The phenomenon of unequal constituencies is common in several SADC states as shown below. In addition, the failure to make the demarcation of constituencies a consultative process, posed the danger of the process becoming cultural insensitive, and had the potential to incite electoral violence. In Tanzania for instance, constituency delimitation posed serious challenges. Masterson (2010: 523) noted that one of the biggest concerns as regards the delimitation of constituencies in Tanzania relates to the large discrepancies between the size of constituencies in Zanzibar and those on the mainland. Zanzibar’s population of little more than 1 million persons entitles it to 50 representatives in the Union National Assembly (a ratio of 1 seat : 20 000 citizens), while the nearly 37 million citizens in Tanzania in 2005 were split into 232 constituencies, giving the mainland a representative ratio of 1 seat : 160,000 citizens. This weighting gives Zanzibar citizens a disproportionate amount of influence in Union matters in comparison with citizens on the mainland, highlighting one of the unusual accommodations of Zanzibar’s status within the Union.
Thus, unequal representation and unequal delimitation of constituencies create tensions that could easily incite protests and lead to electoral violence. As long as the union was structured in manners that favour Zanzibar, sentiments of unequal representation expose Tanzania to electoral violence.
Similarly, Zimbabwe has not yet resolved issues surrounding constituency delimitation that compromised peace during the Harmonized Elections of 2008. Booysen and Toulou (2009: 645) noted concerns by Zimbabwean civil society groups that suggested the possibility of gerrymandering. “In December 2004, the Delimitation Commission recommended a reduction of the number of constituencies by one each in Harare, Bulawayo and Matebeleland South, and an increase by one each in Mashonaland East and Manicaland. These concerns were justified by the fact that the decrease in the number of constituencies affected mostly urban areas which had been known for their support to the opposition. Harare Metropolitan was cited as an example where a decrease of constituencies occurred in spite of an increase in its voting population. On the other hand, the areas which enjoyed an increase in the number of constituencies coincided with the rural areas, which traditionally supported the ruling ZANU-PF. Further, domestic elections observers noted that the Delimitation Commission completed its report in December 2004, well before the final voters’ roll had been compiled. Thus, Zimbabwe is still exposed to electoral violence.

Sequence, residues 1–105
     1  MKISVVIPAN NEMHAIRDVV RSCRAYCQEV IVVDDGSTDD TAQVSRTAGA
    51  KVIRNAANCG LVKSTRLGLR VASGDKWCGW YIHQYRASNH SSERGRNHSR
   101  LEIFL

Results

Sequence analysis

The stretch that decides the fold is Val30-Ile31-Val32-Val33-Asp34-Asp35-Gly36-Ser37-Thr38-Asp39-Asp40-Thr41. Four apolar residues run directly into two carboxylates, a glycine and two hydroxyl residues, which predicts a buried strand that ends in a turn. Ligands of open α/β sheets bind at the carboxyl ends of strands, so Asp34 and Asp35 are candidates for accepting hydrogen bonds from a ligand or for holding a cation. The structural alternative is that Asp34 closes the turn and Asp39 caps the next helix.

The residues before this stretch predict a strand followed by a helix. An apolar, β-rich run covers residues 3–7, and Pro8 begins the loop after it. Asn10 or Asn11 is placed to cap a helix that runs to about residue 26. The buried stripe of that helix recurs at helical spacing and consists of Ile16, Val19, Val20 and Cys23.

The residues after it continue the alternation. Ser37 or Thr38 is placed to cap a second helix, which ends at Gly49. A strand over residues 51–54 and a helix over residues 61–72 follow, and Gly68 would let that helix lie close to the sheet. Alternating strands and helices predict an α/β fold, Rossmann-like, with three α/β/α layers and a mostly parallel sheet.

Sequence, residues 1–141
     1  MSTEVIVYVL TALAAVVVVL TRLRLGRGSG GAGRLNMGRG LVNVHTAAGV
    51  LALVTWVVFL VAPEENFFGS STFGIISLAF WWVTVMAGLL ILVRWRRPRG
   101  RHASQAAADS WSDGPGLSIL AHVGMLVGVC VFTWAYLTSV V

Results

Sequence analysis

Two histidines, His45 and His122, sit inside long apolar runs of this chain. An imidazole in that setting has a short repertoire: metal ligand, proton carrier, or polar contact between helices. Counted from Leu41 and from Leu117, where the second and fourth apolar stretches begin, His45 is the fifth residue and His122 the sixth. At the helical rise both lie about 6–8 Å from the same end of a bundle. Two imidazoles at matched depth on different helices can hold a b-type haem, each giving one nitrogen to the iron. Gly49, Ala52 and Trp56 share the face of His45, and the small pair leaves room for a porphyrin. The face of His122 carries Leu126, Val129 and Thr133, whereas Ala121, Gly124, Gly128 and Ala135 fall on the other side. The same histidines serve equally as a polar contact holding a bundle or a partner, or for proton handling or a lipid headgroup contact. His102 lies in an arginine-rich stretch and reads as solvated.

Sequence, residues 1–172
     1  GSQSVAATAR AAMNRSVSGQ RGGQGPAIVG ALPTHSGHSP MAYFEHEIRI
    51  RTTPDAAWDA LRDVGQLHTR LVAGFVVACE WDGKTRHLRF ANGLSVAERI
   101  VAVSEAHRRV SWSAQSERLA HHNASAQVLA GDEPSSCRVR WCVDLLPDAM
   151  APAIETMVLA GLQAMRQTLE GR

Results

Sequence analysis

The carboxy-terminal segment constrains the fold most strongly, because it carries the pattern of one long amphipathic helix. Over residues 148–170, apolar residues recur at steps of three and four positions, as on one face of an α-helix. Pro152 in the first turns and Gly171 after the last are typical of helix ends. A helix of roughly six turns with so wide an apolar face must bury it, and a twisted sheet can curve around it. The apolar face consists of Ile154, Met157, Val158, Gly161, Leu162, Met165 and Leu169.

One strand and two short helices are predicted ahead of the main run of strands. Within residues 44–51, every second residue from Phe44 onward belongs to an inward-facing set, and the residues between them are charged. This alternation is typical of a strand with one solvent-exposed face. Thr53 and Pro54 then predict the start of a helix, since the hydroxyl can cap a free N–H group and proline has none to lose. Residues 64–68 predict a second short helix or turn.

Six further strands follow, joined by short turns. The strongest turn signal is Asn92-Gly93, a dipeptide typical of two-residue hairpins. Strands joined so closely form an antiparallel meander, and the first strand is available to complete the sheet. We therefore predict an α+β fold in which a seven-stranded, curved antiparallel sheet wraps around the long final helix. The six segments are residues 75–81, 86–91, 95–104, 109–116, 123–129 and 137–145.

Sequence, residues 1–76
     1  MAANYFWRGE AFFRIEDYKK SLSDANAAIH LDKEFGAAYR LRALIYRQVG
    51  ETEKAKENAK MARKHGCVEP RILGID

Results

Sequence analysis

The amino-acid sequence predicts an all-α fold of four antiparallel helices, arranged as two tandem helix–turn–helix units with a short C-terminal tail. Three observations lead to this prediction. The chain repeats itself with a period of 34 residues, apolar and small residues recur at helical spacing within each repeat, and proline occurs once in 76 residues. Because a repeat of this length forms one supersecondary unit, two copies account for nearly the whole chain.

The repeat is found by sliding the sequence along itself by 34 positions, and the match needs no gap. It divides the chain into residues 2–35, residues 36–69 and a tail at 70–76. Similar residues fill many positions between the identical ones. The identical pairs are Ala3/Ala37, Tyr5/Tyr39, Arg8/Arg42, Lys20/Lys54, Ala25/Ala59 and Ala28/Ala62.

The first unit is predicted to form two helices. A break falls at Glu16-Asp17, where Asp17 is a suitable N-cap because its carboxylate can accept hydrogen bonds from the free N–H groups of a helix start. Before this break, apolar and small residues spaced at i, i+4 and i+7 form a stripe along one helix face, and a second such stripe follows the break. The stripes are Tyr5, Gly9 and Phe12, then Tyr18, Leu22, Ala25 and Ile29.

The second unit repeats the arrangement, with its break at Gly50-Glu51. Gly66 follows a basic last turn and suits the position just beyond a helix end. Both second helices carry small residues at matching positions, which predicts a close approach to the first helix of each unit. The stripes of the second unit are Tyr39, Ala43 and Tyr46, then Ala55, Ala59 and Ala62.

In addition, Booysen and Toulou (2009: 645) noted that Zimbabwean opposition parties and civil society organisations made representations to the Pan African Parliament Election Observer Mission regarding the fact that the delimitation process had not been transparent enough and contrary to the legal requirement of it being a consultative process. They quoted Amendment Act No.18 which states that, the President shall cause the report to be laid before the Parliament within the next seven days after he has received it (section 13.d). “Neither of the commission’s preliminary and final reports was presented in parliament after being sent to the president. Only one copy of the reports was made available and few parliamentarians, let alone the general public, were able to scrutinize it.
Thus, constituency delimitation in Zimbabwe was allegedly secretive and violated constitutional provisions which called for consultation. This added to the mistrust that creates room for electoral violence. In contrast, Angola, the DRC, Mozambique and South Africa seem to have found a working formula to make unequal representation an irrelevant electoral factor. Kadima and Tshiyoyo (2009: 108) summarized the DRC formula for allocating seats per electoral constituency within each province and the National Assembly on the basis of actual numbers of registered voters in each constituency and province. There is also a fixed electoral quotient for the National Assembly which is equivalent to the total number of registered voters in the country, divided by the total number of seats to be filled in the National Assembly. Thus, there exists a better formula out there that could help countries that face serious challenges associated with unequal representation and constituency delimitation.